From the outset, it was obvious the Oban-born youngster was ambitious without being arrogant, and in love with motor cars, and the minutiae of machinery. When she stated during our chat: "I want to be a F1 driver", it might have sounded an unrealistic goal, but for the firm click of the jaw which accompanied the statement.
Now, and to a backdrop of intense publicity and a relentless media itinerary, Wolff is gearing up to create a slice of history by becoming the first-ever Scottish women to compete in Formula One when she participates in Friday's free practice session for the British Grand Prix at Silverstone.
Yet she hasn't forgotten that tete-a-tete in Glasgow all those years ago. "It is pretty hectic at the moment and I am moving from one TV studio to the simulator, then back to another studio, but that Herald [Magazine] piece was one of the first times anybody had ever written about me, so it was special," said Wolff. "And, whatever else I am doing this week, I wanted to make sure I got back in touch."
This attitude helps explain why she is so highly regarded among her peers and has traversed numerous obstacles en route to attaining a significant part of her F1 dream. From her perspective, the incessant chat about her gender tends to obscure what she regards as the crucial question in the equation: namely, does she deserve to be where she is with the Williams team? Because her whole life, ever since she was racing tiny karts at various tracks across her homeland as an eight and nine-year-old, has been spent in the fast lane, whether in DTM, or as a test and development driver in the same milieu as Lewis Hamilton and Sebastian Vettel.
"A lot of fuss has been made about the fact I am a woman, but, for me, this is simply the next step on my F1 journey," said Wolff. "I realise it will be a special occasion, and it is great to be involved in what is Silverstone's 50th birthday, but this isn't the final chapter. I have never made any secret of the fact my goal is to make it as an F1 driver.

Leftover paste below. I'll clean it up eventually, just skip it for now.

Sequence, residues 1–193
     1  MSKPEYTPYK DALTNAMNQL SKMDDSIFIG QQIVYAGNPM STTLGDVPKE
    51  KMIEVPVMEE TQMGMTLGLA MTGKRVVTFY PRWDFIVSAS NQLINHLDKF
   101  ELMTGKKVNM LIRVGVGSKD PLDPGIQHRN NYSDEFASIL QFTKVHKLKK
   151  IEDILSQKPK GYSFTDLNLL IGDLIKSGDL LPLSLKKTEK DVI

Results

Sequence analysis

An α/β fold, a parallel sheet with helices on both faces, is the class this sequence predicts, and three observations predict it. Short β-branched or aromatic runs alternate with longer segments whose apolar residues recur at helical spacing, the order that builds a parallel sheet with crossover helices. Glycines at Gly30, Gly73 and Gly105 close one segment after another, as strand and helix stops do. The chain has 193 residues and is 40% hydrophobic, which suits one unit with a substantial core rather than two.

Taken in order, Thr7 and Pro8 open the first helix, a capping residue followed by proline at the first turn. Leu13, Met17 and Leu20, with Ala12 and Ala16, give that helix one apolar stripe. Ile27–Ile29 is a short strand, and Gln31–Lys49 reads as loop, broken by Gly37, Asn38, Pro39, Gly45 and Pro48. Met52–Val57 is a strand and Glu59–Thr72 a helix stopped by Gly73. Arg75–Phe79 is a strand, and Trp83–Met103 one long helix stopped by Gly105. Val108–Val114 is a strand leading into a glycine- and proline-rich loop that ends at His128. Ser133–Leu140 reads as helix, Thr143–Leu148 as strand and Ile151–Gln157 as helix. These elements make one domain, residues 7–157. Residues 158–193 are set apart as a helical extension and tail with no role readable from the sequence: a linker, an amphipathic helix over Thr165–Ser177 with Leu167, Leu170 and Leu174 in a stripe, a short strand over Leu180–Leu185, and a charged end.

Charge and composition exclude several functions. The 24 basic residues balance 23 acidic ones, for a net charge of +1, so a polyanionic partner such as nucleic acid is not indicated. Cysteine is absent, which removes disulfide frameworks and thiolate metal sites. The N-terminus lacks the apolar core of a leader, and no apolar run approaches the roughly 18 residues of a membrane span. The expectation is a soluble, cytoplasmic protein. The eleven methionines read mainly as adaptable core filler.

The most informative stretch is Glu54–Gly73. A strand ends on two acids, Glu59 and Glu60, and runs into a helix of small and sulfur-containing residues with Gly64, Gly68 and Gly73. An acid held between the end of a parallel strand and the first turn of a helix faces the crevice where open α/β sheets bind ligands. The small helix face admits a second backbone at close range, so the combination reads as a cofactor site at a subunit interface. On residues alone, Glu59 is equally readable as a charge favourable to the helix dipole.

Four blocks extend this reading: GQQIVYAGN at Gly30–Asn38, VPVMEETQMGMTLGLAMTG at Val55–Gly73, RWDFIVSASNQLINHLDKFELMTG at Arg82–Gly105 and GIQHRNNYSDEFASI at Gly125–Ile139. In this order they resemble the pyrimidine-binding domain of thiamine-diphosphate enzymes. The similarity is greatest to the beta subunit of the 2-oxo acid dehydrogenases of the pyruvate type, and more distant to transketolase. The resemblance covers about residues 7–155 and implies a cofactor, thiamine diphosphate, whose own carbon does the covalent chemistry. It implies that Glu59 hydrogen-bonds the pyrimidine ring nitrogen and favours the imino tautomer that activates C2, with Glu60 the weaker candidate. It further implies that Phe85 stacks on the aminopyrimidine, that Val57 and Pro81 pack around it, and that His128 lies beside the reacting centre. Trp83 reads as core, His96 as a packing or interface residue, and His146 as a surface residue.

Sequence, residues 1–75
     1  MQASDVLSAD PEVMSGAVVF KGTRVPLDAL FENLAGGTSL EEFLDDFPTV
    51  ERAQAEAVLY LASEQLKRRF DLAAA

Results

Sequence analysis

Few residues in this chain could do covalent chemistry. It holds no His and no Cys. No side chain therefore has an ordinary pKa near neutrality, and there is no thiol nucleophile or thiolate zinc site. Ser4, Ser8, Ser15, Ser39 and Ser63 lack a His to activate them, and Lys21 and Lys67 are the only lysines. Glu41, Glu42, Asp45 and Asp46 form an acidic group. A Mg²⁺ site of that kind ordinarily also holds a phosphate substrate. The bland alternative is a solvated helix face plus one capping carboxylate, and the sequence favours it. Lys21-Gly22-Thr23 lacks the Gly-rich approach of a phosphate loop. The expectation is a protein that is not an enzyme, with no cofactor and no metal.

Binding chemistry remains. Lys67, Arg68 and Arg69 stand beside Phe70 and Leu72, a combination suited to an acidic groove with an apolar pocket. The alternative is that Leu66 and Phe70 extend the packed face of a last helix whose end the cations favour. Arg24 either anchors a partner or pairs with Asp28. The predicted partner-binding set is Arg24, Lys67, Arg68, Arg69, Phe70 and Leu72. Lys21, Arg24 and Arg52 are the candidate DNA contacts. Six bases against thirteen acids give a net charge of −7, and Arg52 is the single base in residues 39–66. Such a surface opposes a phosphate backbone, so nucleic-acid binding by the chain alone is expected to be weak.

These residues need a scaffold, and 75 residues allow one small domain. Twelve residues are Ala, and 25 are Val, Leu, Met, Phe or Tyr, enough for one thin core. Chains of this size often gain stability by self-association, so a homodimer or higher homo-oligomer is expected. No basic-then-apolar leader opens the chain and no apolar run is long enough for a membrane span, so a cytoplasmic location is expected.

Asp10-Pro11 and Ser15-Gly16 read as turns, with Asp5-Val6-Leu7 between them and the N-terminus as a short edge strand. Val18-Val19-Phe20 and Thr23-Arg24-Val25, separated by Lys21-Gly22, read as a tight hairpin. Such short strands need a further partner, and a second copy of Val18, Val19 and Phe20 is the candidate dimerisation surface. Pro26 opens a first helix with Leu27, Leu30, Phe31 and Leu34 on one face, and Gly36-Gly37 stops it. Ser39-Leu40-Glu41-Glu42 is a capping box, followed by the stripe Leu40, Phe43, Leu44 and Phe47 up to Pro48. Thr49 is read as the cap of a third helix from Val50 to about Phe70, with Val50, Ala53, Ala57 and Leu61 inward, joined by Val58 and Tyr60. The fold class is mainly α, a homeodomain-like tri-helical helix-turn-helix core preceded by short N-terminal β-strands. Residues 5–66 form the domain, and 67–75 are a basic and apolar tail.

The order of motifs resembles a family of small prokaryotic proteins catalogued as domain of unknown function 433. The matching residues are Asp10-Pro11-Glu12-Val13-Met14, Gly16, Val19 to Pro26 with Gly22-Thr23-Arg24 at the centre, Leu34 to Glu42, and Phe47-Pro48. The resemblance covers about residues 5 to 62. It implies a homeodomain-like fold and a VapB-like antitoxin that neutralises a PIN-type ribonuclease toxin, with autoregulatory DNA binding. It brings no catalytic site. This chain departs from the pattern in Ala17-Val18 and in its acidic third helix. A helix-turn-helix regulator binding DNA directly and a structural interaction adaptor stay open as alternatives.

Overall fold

"As for the gender issue, it's not important to me and it never has been. This isn't comparable to football or tennis where you can see who is doing what and there are separate competitions for men and women. Once we have climbed into the car, and we have put our helmets on, it is down to which of us performs the best and it doesn't matter what sex you are.
"The only thing in my mind is to lay down a marker, not for me, but for the Williams team, and help the guys [Felipe Massa and Valtteri Bottas] prepare for qualifying and Sunday's race. Everything else - the media attention and the talk about me being a trail blazer - is nice, but it has nothing to do with how I perform."
The history, none the less, can hardly be ignored. The last female to compete, albeit very briefly, in Bernie Ecclestone's domain was Italy's Giovanna Amati in 1992 and there remains a significant section of the petrol head fraternity who argue that F1 should be the sporting equivalent of a lads' mag. It must irk them that Wolff is not only gifted behind the wheel, but possessed of a mischievous sense of humour and a genuine personality, unlike some in the current ranks who make Daleks sound like masters of spontaneity.
Wolff has issued a YouTube video where she explains how and why her accent has changed the longer she stays in Europe (and is married to Austria's Toto Wolff). But, as she explained, she is proud of her Scottish heritage and background.
"I have a Saltire on my helmet and on my racing suit, and I've benefited from the advice of many Scots in my career, so it will be pretty special once we get to Silverstone and my parents join me in the pits," said Wolff. "I am going to be driving the car which gained pole position [for Massa] in Austria, so I know it is fast and although this is a new challenge, I want to help Williams retain the momentum from the last outing. It's a big responsibility, but this is something I have been working towards for a very long time."
There will be more attention on the free practice than is normally the case. Whatever Wolff's own feelings on the matter, much of that will revolve around her maiden appearance in F1.
But one suspects nothing really fazes her these days. "I don't want to be in a man's world and only be there because I am something different," she told The Herald in 2012.
"I want to stand on my own two feet and be independent and compete against the guys."
Susie Wolff has moved on since then. Friday's action should offer a pointer as to how much further she can advance.